1. Pretty sleepy so there’s no telling how helpful this will be but let me take a stab at the whole statute of limitations thing. I think you’ve probably gotten the basis idea, the s.o.l. says that you have a certain amount of time in which to sue and if you don’t do so within that time period you lose your right to sue. There are different statutes with different time periods for different claims. So, for instance (using fictional numbers for the sake of example), if someone failed to fulfill a contract with you and you wanted to sue them, the statute for a contractual claim might be two years. However, if someone assaulted you and you wanted to sue them for your injuries and so-forth, the legislature might consider assault as something worse than a contractual claim and so they might give you more time to make a claim, five years say. There are also different sol’s for criminal acts, the sol for fraud might be seven years whereas the one for murder is unlimited. So, the first thing to keep in mind is that there are different statutes for different crimes and different claims (“claims” is the word I’m using for the non-criminal side of things–contracts, negligence, nuisance, discrimination; things where the goal of the courts is to try to make you whole by awarding money damages or forcing the opposing party to do something they had promised to do, like sell you a piece of land).

    The next thing to keep in mind is that some crimes or claims are extremely obvious–if you get punched in the nose in a bar fight, you know you’ve been assaulted and there’s a pretty clear date for when the clock should start running on the statute of limitations. Likewise, if your customer has failed in his obligations on a contract, most of the time that will be fairly clear, for instance if they failed to make the July payment or something. But there are other crimes and claims when it’s not so clear-cut when or if they offense took place. For instance, if someone has fraudulently convinced you to buy the Brooklyn Bridge from them, you act in good faith believing his claims and his documentation that he’s the rightful owner and has the ability to sell it to you, it may be some time before you can or should have discovered the fraud. That’s why there is often a Discovery Rule for some crimes and claims–they put the s.o.l. clock on pause until you should have learned of the fraud or whatever. Some Disco Rules pause(technical term is “toll”) until you should have learned, others pause until you actually learn, it depends on the crime/claim and the state (most of these statutes are matters of state law). If the s.o.l. for fraud is five years, you didn’t find out you got ripped off until two years later, under a discovery rule you might have the entire five year period to file suit.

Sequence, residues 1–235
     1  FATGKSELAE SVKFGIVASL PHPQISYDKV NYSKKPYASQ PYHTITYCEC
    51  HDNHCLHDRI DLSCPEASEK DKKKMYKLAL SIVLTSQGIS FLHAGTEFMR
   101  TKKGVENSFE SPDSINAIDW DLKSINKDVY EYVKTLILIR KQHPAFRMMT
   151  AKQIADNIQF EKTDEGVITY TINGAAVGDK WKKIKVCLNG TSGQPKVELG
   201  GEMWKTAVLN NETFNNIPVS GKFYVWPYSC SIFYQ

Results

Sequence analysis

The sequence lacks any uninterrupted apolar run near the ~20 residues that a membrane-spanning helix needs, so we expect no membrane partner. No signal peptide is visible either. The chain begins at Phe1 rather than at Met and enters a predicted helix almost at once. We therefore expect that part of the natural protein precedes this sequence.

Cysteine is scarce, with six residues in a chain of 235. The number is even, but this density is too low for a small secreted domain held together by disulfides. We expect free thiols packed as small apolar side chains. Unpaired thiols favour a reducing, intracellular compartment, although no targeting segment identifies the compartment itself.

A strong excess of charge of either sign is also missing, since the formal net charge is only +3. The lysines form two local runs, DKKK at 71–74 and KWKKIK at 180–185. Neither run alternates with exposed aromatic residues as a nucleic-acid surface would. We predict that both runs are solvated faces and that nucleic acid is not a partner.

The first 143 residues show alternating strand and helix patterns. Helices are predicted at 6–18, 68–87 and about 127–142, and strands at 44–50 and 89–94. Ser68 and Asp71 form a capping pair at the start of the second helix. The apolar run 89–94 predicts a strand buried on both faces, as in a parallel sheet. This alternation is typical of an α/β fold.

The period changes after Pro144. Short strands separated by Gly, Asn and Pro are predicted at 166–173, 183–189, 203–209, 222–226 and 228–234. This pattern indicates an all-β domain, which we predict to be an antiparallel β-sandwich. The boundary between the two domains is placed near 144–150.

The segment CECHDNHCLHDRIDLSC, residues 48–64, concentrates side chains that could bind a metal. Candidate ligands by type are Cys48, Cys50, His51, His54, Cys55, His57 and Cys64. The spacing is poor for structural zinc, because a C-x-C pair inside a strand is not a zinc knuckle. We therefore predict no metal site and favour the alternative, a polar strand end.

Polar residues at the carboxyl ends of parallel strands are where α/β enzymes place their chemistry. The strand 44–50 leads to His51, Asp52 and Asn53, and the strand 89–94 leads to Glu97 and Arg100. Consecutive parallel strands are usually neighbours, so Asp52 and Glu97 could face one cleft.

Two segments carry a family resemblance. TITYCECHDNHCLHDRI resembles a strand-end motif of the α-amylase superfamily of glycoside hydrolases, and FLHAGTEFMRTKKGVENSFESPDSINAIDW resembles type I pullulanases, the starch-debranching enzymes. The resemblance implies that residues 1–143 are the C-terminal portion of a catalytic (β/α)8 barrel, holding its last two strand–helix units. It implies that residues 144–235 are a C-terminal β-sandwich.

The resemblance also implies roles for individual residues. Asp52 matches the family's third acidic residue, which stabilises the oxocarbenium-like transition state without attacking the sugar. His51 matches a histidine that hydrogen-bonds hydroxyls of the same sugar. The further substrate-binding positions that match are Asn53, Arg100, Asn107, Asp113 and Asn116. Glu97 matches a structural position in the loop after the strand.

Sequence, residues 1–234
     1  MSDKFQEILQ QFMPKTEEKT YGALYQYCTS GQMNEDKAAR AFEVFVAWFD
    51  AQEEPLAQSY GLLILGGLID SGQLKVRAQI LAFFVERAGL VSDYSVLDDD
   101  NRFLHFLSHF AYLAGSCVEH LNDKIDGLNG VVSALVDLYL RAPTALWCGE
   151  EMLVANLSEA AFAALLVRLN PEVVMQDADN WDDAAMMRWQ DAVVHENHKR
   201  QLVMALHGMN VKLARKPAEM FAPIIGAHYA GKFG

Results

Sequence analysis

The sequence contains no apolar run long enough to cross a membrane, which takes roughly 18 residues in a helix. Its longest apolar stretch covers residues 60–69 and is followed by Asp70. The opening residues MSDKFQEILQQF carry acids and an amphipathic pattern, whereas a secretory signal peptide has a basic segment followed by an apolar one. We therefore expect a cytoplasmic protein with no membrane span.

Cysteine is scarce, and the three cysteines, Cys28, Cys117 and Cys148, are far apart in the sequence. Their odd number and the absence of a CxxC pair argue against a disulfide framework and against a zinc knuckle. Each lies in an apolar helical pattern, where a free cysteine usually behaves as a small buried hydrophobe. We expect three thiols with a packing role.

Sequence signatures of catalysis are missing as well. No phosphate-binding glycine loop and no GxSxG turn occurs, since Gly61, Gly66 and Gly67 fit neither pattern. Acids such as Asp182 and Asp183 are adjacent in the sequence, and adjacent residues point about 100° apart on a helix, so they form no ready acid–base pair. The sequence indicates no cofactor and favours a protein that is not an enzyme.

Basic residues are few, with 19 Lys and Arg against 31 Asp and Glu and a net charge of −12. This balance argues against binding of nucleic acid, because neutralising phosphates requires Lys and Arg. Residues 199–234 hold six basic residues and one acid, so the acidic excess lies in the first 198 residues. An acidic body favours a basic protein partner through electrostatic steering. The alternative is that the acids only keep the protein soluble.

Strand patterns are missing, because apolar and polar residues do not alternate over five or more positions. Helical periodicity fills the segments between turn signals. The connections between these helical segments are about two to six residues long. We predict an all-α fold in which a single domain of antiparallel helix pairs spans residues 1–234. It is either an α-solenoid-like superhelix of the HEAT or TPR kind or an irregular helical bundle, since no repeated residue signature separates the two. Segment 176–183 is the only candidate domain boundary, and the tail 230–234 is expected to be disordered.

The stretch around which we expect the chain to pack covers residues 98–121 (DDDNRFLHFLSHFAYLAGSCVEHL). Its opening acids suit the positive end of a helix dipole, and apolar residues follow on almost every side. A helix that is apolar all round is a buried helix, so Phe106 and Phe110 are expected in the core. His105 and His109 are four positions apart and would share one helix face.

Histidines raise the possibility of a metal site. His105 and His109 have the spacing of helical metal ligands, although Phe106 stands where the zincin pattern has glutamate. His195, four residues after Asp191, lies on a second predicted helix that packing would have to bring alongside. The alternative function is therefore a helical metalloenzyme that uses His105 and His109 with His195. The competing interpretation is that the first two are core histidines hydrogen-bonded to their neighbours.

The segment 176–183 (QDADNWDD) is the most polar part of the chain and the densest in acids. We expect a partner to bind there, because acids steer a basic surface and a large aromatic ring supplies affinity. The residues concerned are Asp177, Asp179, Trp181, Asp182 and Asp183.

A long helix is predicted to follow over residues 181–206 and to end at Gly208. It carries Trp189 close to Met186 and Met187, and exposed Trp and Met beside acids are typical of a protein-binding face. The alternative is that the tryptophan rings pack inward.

In the Ledbetter suit, she won her lower court cases but when it got up to SCOTUS, they said that she didn’t file her suit within the 180 day s.o.l. in the fair pay statute and therefore she’s s.o.l. *(the other meaning of it). The new Ledbetter Act makes clear what Congress intended when they initially drafted the law–as long as there is a continuing pay discrimination, the statute of limitations rolls over every pay period, giving the claimant another 180 days to bring suit for the entire discriminatory period, many years in Lilly’s case. The reasoning behind this is that because people don’t always like to discuss how much money they make it can be very difficult to figure out if you’re being screwed or not. This gives you a grace period as long as you’re being screwed but if your employer suddenly starts doing right by you, you’ve got a 180 day deadline to sue for the past discrimination.

    Just to be clear, this type of suit has plenty of hurdles and it’s bullshit when people say that it’s going to result in an avalanche of new lawsuits. As long as management is able to show any alternative reasons for the differences in pay (bad evaluations based in fact) the suit will most likely fail because there must be a high degree of certainty that discrimination was the reason for the wage difference.

  2. that’s right it’s b.s. if a company is discriminating they should have the book thrown at them. and they are s.o.l.!!

    and “Disco Rules?” is that like how tight your pants should be and only wear shiny shirts with rather long collars? haha. i totally heard “you should be dancin’ yeah!” in my head while reading that paragraph!

    thanks G.!! you always deliver the goods.
    have i told you lately that i love you?
    oh wait, wrong decade.

  3. I somehow felt a little called out by the “maybe someone with a law degree” comment! And I like the Van Morrison version of “Have I told You Lately” but the Rod Stewart version leaves me feeling cold and dead inside.